July 13, 2012 10:38 am
For all the demand for aid/trade and other trans-formative support from USA, what has Pakistan provided to US in return? Pakistan continued to be a host to terror groups and supported Taliban, in spite of their horrible obscurantism. It developed Nukes under US nose. It played a duplicitous game with US for most of the decade after 9/11. Why should USA trust Pakistan and have a trans-formative relationship, when Pakistan follows a duplicitous path that's inimical to US interests?
Kadir Saleem
July 13, 2012 3:53 am
Very informative article. Great to get some insight about our economies potential strength and a true chance for USA to really help us(the people for once!) and change its stereotype image in Pakistan
July 13, 2012 4:02 am
Pakistanis constantly talk of "Muslim Ummah" "Pak-Cheen dosti" but in real terms are completely obsessed with the US. I have never even heard of a discussion in Pakistani circles of opening up Ummah or Chinese markets to Pakistani products. Instead its just America America America.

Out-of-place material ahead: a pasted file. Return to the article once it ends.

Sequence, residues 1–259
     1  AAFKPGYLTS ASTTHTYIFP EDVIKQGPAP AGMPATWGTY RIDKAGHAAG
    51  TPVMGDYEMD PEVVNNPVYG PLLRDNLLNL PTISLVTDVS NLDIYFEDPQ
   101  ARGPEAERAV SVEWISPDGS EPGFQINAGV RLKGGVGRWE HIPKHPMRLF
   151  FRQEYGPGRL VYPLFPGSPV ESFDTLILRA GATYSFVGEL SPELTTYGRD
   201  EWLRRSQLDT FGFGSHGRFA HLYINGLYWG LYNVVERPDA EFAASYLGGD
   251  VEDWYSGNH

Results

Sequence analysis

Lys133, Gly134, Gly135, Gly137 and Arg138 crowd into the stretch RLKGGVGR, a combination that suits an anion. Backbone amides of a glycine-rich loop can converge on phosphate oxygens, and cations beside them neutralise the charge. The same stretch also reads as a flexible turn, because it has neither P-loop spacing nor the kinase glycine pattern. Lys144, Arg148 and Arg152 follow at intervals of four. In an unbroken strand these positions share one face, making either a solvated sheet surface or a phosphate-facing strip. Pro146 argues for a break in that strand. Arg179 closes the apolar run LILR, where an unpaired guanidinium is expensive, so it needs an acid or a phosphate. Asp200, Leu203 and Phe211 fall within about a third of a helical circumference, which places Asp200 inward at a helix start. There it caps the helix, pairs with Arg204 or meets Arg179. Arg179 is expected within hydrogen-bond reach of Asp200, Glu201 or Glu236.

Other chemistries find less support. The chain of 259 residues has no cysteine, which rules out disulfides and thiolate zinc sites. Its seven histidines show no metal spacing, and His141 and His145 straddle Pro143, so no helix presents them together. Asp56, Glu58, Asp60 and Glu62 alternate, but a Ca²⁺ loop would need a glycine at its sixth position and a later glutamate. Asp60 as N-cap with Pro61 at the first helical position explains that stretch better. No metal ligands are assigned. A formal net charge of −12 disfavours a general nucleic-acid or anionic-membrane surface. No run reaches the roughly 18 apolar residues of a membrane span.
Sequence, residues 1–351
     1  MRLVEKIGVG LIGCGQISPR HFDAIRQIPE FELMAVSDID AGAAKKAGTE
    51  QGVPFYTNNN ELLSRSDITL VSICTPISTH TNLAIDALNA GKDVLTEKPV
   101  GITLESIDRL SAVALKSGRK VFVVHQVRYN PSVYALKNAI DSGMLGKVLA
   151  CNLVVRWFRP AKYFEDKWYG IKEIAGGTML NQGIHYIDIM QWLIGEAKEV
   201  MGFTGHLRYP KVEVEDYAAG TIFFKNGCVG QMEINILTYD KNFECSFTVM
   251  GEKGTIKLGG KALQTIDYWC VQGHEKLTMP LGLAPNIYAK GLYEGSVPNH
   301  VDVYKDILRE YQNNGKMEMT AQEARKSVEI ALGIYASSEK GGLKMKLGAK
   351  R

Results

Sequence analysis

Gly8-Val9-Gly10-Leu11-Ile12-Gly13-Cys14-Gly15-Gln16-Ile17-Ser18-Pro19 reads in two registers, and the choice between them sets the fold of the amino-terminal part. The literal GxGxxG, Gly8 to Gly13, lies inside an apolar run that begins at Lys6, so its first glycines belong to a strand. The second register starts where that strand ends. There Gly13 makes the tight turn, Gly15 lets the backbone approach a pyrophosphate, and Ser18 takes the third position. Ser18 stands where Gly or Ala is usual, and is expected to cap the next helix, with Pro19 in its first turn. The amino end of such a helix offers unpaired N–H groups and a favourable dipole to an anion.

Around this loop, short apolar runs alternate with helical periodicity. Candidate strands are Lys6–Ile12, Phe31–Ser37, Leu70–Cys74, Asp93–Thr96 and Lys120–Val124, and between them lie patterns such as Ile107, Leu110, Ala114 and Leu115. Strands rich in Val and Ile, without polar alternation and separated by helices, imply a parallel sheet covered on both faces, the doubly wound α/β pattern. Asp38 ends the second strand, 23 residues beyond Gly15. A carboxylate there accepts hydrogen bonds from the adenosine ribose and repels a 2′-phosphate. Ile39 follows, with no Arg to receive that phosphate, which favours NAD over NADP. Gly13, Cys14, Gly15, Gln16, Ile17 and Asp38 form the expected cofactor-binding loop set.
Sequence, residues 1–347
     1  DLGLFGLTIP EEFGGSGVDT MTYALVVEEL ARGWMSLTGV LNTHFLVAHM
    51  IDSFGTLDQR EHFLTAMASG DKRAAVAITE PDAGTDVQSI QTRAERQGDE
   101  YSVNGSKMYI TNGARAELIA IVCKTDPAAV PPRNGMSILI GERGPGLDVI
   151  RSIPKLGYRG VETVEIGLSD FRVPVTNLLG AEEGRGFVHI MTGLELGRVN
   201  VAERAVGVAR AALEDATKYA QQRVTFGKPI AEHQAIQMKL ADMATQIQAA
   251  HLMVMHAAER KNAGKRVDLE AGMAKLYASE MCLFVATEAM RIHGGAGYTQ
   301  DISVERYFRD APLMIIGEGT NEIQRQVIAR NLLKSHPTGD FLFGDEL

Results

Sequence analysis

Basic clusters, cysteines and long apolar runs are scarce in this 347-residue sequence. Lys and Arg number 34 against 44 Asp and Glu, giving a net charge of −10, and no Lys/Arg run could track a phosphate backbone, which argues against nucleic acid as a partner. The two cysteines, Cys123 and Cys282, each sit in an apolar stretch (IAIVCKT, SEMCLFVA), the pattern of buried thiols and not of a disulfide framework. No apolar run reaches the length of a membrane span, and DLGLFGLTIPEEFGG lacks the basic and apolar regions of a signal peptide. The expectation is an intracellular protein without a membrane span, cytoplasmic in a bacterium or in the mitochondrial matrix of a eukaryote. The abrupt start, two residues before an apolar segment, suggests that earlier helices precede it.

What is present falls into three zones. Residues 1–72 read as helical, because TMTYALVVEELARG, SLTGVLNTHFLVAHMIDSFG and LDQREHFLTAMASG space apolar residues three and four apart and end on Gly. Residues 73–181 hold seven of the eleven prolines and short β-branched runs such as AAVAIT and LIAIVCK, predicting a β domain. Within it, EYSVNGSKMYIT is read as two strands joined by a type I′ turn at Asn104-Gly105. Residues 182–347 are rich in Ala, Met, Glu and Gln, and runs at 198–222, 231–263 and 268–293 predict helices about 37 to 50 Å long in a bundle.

July 13, 2012 4:25 am
Given a choice Pakistan will again choose American guns against economic gains.
Meekal Ahmed
July 13, 2012 1:02 pm
excellent Sakib. Sent you a few brief comments on e-mail.
July 13, 2012 6:41 am
it is not a friendly relation but reciprocal
July 13, 2012 6:57 am
it is not a friendly relation but a reciprocal
Salman Ali
July 13, 2012 8:35 am
Well written. Not sure if our leaders have every asked US to fund infrastructure for Thar Coal Mines. It is helping India with its energy problems. This can be a long term investment, with returns accruing for USA after 10-15 years.
July 13, 2012 8:53 am
There are hundreds of thousands of Pakistanis who work in the gulf countries who are the major source of foreign exchange inflow into Pakistan. The Muslim Ummah is definitely doing its bit for Pakistan.